PostgreSQL/Introduction to PostgreSQL
PostgreSQL (or Postgres for short) is an open source relational database management systems (RDBMS). In nearly all cases the main application interface to an RDBMS is SQL, the standardised language for accessing relational databases. But beyond SQL every RDBMS needs a lot of additional tools to handle the installation process as well as maintenance and optimization tasks. As such tasks act very closely to the implementation of each RDBMS, they greatly differ from RDBMS to RDBMS - unlike SQL.
The purpose of this book is an introduction to the PostgreSQL specific aspects like its architecture, installing procedure, maintenance and optimization tasks. Thus it is primarily aimed to database administrators. But it is only a starting point in these objectives and many topics are omitted. For a complete treatment we recommend to get through professional training courses offered by many consulting companies. And don't forget: there is a great and complete documentation of all the stuff we try to explain in the Wikibook on hand. Additionally some special topics are summarized in the PostgreSQL wiki.
The SQL interface is out of the scope of the Wikibook on hand. If you are interested in this specific topic, you may want to refer to the Wikibook SQL, which describes the SQL standard independent from any RDBMS implementation. It's a good starting point for PostgreSQL as its implementation of SQL is very close to the standard.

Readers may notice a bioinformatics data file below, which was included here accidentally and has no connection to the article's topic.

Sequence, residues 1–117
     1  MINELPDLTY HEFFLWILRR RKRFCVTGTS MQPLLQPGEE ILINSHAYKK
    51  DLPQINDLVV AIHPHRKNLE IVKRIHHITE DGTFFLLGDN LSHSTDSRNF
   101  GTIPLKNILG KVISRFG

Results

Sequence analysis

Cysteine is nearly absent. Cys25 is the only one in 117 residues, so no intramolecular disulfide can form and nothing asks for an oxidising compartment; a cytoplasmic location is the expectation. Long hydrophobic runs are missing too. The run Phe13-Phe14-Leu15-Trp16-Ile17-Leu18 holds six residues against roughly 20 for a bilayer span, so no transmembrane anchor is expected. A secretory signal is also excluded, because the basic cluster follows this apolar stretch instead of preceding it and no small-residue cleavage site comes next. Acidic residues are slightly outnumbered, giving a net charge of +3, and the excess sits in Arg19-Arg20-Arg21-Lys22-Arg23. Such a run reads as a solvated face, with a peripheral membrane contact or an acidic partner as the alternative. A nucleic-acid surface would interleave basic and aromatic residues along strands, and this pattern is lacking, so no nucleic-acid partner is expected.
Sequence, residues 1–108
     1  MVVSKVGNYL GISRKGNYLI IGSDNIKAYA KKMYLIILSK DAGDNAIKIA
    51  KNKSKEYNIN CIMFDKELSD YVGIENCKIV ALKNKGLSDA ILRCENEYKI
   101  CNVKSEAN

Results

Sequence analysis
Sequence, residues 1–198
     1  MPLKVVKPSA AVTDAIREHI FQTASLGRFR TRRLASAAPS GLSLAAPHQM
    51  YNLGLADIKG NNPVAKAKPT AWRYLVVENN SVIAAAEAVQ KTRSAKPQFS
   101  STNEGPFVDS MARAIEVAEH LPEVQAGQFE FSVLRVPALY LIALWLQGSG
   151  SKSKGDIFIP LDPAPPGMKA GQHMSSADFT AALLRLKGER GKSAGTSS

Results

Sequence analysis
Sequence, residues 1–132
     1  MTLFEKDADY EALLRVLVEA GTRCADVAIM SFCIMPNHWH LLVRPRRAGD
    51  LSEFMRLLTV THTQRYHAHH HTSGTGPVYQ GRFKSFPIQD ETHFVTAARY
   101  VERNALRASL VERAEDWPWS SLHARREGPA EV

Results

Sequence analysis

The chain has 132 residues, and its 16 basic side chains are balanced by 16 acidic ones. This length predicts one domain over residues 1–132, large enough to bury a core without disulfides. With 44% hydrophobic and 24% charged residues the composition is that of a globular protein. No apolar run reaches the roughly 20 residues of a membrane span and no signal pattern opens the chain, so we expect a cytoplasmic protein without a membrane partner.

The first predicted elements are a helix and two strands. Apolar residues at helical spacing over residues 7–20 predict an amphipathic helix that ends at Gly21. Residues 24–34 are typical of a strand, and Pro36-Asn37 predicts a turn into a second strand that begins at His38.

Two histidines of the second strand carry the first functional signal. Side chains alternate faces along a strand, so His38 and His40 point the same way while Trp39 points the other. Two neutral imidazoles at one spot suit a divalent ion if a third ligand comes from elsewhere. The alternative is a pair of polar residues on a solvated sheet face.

The Wikibook on hand is based on PostgreSQL version 10.
Characteristic features of PostgreSQL
- You can define your own types. Just as with tables, types consist of a collection of named attributes so you could define an "employee" type consisting of a text name, an integer employee number and a decimal salary. Unlike tables, you also define input and output functions so that values of your new type can be read and written. It makes sense to ensure that the input function can interpret the values as represented by the output function so that your application can read its own handwriting, but that is not a formal requirement.
- Inheritance is supported. Suppose you have a table of employees, none of whom currently earn commission. You want to add data about sales representatives to your table, and they will need a commission column. If you add a commission column to your existing employees table, it will always contain NULL in almost every row. Alternatively, you could create a new table just for the sales representatives. It inherits all the columns from the employees table and adds a commission column. PostgreSQL keeps track of the inheritance so you can query all employees (including sales reps), just the standard employees, or just the reps.
- You can extend it with new functions (including aggregates) and operators. In fact this is essential if you want to support any new types you create beyond simply inputting, storing and retrieving them. User-defined functions are also required if you create your own indexing scheme, another possible consequence of creating new data types.
History of PostgreSQL
- Originated from the Ingres project.
- Post-Ingres project was an attempt to improve the type system.